Framework knitting was once the predominant industry in Hucknall.
Among the bigger firms in Hucknall is Doff Portland, one of the UK's largest independent maker of insecticides, weedkillers, pesticides, fertilisers and garden products, sold through garden centres, DIY retailers and retail multiples, and one of Europe's largest producer of premium slug killer pellets. It also offers contract formulating and packing services.
- Robin Bailey (1919–1999), actor
- Steve Blatherwick (born 1973) played as a professional for football (soccer) clubs that included Nottingham Forest and Chesterfield.
- Lord Byron (1788–1824), poet, philosopher and revolutionary, was buried in the parish church.
- Ben Caunt (1815–1861), a bare-knuckle fighter known as "The Torkard Giant", became Champion of England. He possibly gave his name to the Parliament bell Big Ben.
- Eric Coates (1886–1957) composed work that includes the theme music for The Dam Busters movie and the "Sleepy Lagoon" introduction to the radio series Desert Island Discs.
- Zachariah Green (1817–1897), philanthropist, is buried in the local parish church. There is a monument to his memory in Titchfield Park.
- Jack Hall (1883–1938), professional footballer who played as an inside-forward or centre-forward for Stoke, Middlesbrough, Leicester Fosse, and Birmingham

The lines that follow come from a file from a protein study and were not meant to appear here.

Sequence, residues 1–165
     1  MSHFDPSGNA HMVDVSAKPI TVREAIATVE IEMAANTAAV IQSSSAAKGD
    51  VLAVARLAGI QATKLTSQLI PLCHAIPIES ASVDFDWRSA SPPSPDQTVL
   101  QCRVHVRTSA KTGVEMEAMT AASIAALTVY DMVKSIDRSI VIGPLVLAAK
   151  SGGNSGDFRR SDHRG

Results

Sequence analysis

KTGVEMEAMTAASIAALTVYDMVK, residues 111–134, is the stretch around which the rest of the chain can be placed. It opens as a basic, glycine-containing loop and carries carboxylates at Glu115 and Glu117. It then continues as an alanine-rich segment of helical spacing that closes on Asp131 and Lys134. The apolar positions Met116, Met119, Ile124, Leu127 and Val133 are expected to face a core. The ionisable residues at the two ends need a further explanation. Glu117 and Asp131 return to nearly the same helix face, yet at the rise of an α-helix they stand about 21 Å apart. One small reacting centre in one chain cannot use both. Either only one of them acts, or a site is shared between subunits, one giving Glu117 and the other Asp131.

- Thomas Cecil Howitt (1889–1968), architect, was the designer of Nottingham Council House.
- Paris Lees (born 1987), journalist, presenter and transgender rights campaigner
- Countess Ada Lovelace (1815–1852), daughter of the poet Byron, is buried in the parish church. She is credited with being the first computer programmer, having assisted in realising the potential of Babbage's analytical engine.
- Andy Turner (born 1980), sprint hurdler, gold medallist at the 2010 Commonwealth Games and the 2010 European Athletics Championships and bronze medallist at the 2011 World Championships in Athletics
- Enoch "Knocker" West (1886–1965), a footballer with Sheffield United, Nottingham Forest and Manchester United, was accused of fixing a match and in 1915 banned from the game for 30 years. He protested his innocence for the rest of his life.
- Sam Weller Widdowson (1851–1927), a footballer who played for Nottingham Forest and England was said to have devised shin pads in 1874. He also played cricket for Nottinghamshire.
- Joe Worrall (footballer) (born 1997), an English professional footballer who plays for Nottingham Forest as a defender.
The Hucknall and Linby Mining Community Brass Band formed in late 2008 after players from the Newstead Abbey Brass Band sought autonomy. It is conducted by Paul Whyley. At the time, the town lacked a band after Hucknall and Linby Miners' Welfare Band moved out to become Newstead Brass. It plays a parish-church concert every Christmas, and around the local area throughout the year.